Emergency Men! The 26th Pennsylvania Volunteer Militia and the Gettysburg Campaign
by Cooper H Wingert
Hardcover, 9.1 x 6.2, 221 pages
On June 26, 1863, men of the hastily-raised 26th Pennsylvania Volunteer Militia collided with Confederate forces near the town of Gettysburg, Pennsylvania, four days prior to the great battle. This volume tells the story of the 26th Militia from its diverse roots to its engagement at Gettysburg, the regiment s later movements during the campaign, its muster-out and finally the unit s 1892 Reunion at Gettysburg. From Colonel William Wesley Jennings, the beloved, valiant Harrisburg citizen-soldier, to the imposing Major Lorenzo L. Greenawalt, the Lebanon native and California 49er turned Civil War officer even a future governor of the Keystone State, Samuel Pennypacker, who served with the regiment as a private this book tells the history of all 743 men in the 26th Militia, and their eventful summer of 1863. For the men of the 26th, their summer campaign began around the middle of June 1863, when the Confederate Army of Northern Virginia, with Robert E. Lee at its helm, proceeded north down the Shenandoah Valley of Virginia, across the Potomac, through Maryland and into the bountiful farm fields of South Central Pennsylvania. Here the volume commences, covering in great detail Pennsylvania Governor Andrew G. Curtin s call for militia to defend the state and the subsequent statewide response. From this group of respondents came the 26th Militia. One the regiment s many unique qualities is here identified it possessed no uniform origin; the men in its ranks came from all across the Keystone state. Perhaps even more unique, is the 26th s fusion of hardened-combat veterans and green, inexperienced volunteers. For a considerable amount of time, it seemed as if fate was against the 26th during their fighting debut and the events immediately following. After organizing at Camp Curtin in Harrisburg, the regiment was sent south along the Northern Central Railroad en route for Gettysburg. Their rough time began on the tracks, when half the regiment was derailed after the engine collided with a cow. The June 26, 1863, engagement west and north of Gettysburg found the 26th caught off guard by the swift, sudden arrival of Southern forces, and continually out-of-position to defend itself. After a forced march which left nearly all panting and perspiring, the regiment took position behind an old, wooden fence belonging to the farm of Henry Witmer, roughly four miles north of the soon-to-be infamous town of Gettysburg. Forced to retire from Witmer s after a brief, but trying engagement, the regiment endured a miserable march northward in a desperate attempt to find the safety of Yankee lines. Footsore, hungry and simultaneously aware of the near-constant threat of enemy troops close-by, the men of the 26th hobbled their way northward night and day through creeks, pastures and adversity. All told, the regiment marched 54 out of 60 consecutive hours before reaching safety behind Northern lines near Harrisburg Such an awful time I never had, recorded Private Henry Wirt Shriver of Company I in his diary. This volume contains the history of the 26th Pennsylvania Volunteer Militia, gleaned from the letters, diaries and recollections of the men who witnessed and participated in its campaigns first hand. Compounded with scores of previously untapped primary sources, this book provides a fresh perspective on the 26th and its arduous campaign during the summer of 1863.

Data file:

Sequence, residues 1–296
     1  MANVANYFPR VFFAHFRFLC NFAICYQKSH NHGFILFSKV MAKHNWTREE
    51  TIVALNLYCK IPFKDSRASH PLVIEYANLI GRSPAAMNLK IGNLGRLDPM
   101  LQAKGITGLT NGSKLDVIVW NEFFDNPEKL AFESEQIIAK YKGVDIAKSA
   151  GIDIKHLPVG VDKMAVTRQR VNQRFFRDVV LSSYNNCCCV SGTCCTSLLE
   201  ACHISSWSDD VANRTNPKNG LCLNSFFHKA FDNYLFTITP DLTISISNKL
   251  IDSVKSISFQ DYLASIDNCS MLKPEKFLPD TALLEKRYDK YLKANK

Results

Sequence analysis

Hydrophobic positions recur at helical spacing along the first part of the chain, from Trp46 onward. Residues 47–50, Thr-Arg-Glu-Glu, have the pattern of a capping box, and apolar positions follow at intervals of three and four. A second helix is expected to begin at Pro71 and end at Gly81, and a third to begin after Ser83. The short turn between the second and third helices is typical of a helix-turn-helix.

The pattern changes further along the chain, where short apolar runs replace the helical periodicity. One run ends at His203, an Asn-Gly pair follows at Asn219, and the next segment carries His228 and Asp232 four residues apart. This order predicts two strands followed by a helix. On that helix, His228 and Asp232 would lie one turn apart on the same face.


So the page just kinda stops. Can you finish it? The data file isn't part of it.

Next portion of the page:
Inventory Number: BOO 025